I bought you two years ago last Sunday. Since moving out on my own, I had always wanted a pet, but my building at the time didn’t allow cats or dogs. A pet fish seemed like a suitable compromise, and I was right. Some might think “Henrietta” is a bit too fancy of a name for a fish. I admit, it is a tad unconventional. It goes against the grain of more common fish names, such as Flounder, Flipper, Bubbles, Dory, or my personal favorite: Sushi. But you are no ordinary fish. In fact, I think you are rather extraordinary. A very special and unique fish, and so, Henrietta seemed a fitting name. We’ve never really spoken. Our exchanges are a bit one-sided. I’ll often say hello and ask how your day was. You just sort of stare at me, bobbing mid-water, opening and closing your mouth. No words emerge, but often little air bubbles do. You also flick your fins. I like to think this is because you are communicating with me in your own fishy way, akin to sign language. One flick means “Hello.” Two flicks mean “How are you?” Three flicks mean “Shut up and feed me already.” Sometimes I convince myself that when I walk into the room, you dart enthusiastically back and forth upon seeing me. But then you try to attack the tank filter, and I wonder if I haven’t just misunderstood the signals. Are you only attacking it to throw me off? I may never know.
I don’t often mention being on the southwest coast of Thailand on December 26, 2004. In the rare instance that I do, or it inadvertently comes up, it’s with far more acceptance than my previous self, with still raw sensibilities, could sufficiently feign. I hold no allusions that the events of that day will be graspable to others. There is no universal language for the individual experience; no way to translate things in a way that encapsulates all the subtle nuances and bold complexities of subjectivity. There are emotions and memories that have burrowed themselves away deep, beyond reach of our impulse to generalize. Yet, I am far more welcoming of people’s efforts to do so. Of their efforts to empathize through the lens of their own experienced sorrows. Of the underlying humanity that motivates their gesture. Of the sincerity and openness that fuels their inherent desire to connect. And of the humbling instances where I am met with mirrored vulnerability.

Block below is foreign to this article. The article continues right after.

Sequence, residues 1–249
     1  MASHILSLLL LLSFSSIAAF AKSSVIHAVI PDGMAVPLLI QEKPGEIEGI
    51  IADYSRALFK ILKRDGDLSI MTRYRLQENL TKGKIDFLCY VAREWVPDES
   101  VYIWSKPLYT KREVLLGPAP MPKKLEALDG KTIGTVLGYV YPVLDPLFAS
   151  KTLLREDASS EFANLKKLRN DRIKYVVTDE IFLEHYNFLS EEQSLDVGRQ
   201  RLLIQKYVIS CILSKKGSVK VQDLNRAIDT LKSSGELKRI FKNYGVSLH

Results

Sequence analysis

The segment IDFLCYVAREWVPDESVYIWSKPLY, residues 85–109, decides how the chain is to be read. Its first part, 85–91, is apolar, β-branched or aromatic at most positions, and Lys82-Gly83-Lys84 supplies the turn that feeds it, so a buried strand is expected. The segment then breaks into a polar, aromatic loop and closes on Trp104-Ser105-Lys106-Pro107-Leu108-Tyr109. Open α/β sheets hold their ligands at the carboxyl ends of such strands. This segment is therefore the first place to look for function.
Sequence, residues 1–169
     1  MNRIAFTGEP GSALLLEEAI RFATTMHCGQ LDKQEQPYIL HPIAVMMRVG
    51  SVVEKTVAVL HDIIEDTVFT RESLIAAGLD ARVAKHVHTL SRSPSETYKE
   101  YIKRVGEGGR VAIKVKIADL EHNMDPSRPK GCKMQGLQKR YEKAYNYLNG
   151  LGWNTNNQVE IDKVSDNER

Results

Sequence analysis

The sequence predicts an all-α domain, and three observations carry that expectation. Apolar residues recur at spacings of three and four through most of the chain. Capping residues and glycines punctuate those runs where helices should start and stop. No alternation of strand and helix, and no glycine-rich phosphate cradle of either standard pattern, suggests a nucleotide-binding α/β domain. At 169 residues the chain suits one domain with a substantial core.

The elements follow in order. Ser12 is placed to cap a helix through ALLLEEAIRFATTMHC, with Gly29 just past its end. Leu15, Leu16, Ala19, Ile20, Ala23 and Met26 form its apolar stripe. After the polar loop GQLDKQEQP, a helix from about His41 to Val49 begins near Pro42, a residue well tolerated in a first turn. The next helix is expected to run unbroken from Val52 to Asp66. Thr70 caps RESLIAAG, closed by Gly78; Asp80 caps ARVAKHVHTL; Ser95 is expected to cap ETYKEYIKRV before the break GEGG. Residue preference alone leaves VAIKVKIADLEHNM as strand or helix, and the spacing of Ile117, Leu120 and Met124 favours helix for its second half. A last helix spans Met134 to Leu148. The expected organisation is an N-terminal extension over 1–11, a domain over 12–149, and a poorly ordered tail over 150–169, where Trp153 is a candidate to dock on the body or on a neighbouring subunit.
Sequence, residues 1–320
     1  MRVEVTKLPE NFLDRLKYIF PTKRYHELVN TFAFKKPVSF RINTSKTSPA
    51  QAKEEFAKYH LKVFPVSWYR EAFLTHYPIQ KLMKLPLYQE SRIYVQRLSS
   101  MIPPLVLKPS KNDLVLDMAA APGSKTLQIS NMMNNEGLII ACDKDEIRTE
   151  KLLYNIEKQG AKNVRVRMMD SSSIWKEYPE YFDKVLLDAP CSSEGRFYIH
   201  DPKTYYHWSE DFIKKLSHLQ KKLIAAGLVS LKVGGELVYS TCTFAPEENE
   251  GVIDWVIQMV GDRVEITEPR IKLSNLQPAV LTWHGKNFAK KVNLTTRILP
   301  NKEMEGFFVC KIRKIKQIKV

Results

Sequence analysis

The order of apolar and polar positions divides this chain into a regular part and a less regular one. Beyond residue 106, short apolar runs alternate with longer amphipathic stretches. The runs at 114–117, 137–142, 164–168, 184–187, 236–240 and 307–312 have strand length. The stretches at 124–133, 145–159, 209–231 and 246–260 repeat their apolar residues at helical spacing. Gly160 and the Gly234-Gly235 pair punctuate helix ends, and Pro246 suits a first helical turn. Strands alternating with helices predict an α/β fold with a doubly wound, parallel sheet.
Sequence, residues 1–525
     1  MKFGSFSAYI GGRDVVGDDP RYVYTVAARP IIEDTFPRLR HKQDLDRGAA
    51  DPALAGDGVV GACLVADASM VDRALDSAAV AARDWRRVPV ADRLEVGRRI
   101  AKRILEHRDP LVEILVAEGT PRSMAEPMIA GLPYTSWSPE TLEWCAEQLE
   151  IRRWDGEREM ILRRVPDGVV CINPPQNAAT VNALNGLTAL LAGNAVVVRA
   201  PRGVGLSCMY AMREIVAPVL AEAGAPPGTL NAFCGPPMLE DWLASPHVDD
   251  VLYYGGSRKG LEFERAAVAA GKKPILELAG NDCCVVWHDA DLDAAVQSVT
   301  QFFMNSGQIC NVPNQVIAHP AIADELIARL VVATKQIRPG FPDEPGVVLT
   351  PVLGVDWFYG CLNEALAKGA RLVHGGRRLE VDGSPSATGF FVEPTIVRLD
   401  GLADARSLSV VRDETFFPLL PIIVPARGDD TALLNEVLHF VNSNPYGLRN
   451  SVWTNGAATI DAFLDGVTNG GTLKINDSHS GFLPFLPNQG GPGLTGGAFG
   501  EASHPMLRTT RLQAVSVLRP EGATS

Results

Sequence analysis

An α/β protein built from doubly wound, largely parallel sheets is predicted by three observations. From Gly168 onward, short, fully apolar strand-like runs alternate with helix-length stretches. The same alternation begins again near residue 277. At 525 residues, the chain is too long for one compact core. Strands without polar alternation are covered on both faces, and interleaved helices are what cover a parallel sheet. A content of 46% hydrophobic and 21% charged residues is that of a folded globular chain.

Mr. P. was an eccentric. An intellectual. A philosophizing soul who was respected by staff and idolized by students. Broad-shouldered and tall, he had a lengthy beard matched by a pair of thick sideburns. When I first met him, I expected a deep, authoritative voice to emerge, but instead a far more tempered one spoke, with a candid hippie-like inflection reminiscent of The Dude in The Big Lebowski. Though he evades description, if I were to venture one, physically, Mr. P. kind of resembled Santa Claus. Or rather, St. Nick’s maverick brother, who rebelled by rejecting the family business, and absconding to the Canadian West Coast, proclaiming, “To hell with snow and pine trees, man. I’m moving south and teaching the generation of tomorrow!”
Portland is wonderfully offbeat. Quirky. Odd. The city’s unofficial slogan of “Keep Portland Weird” is a tidy summation of what this metropolitan gem charmingly subscribes to. “Weird” is the term appropriate to this hub of eccentricities, which lays claim to endearing titles including host to the world’s largest bookstore and site of an inexplicably high number of bridges. (Seriously, Portland, why so many bridges? There are like, twelve of them). Though Portland offers an abundance of amazing locales, here are a handful of favourites, which fully lived up to their hype.
Our most insightful moments often arise during challenging periods, when things do not go according to plan, and we need to be our most resourceful and inventive selves—situations which lend credence to the tenet of tough times fueling our inner innovator. This isn’t to say that all pursuits need rise from the ashes of adversity (though it certainly does feed into the stereotype of the angst-ridden artist, doesn’t it?), but rather is meant to drive home the point that every moment possesses a measure of the inopportune. So, why not embrace the notion of it being the imperfect time by pursuing an aspiration or two in the enticingly flawed present?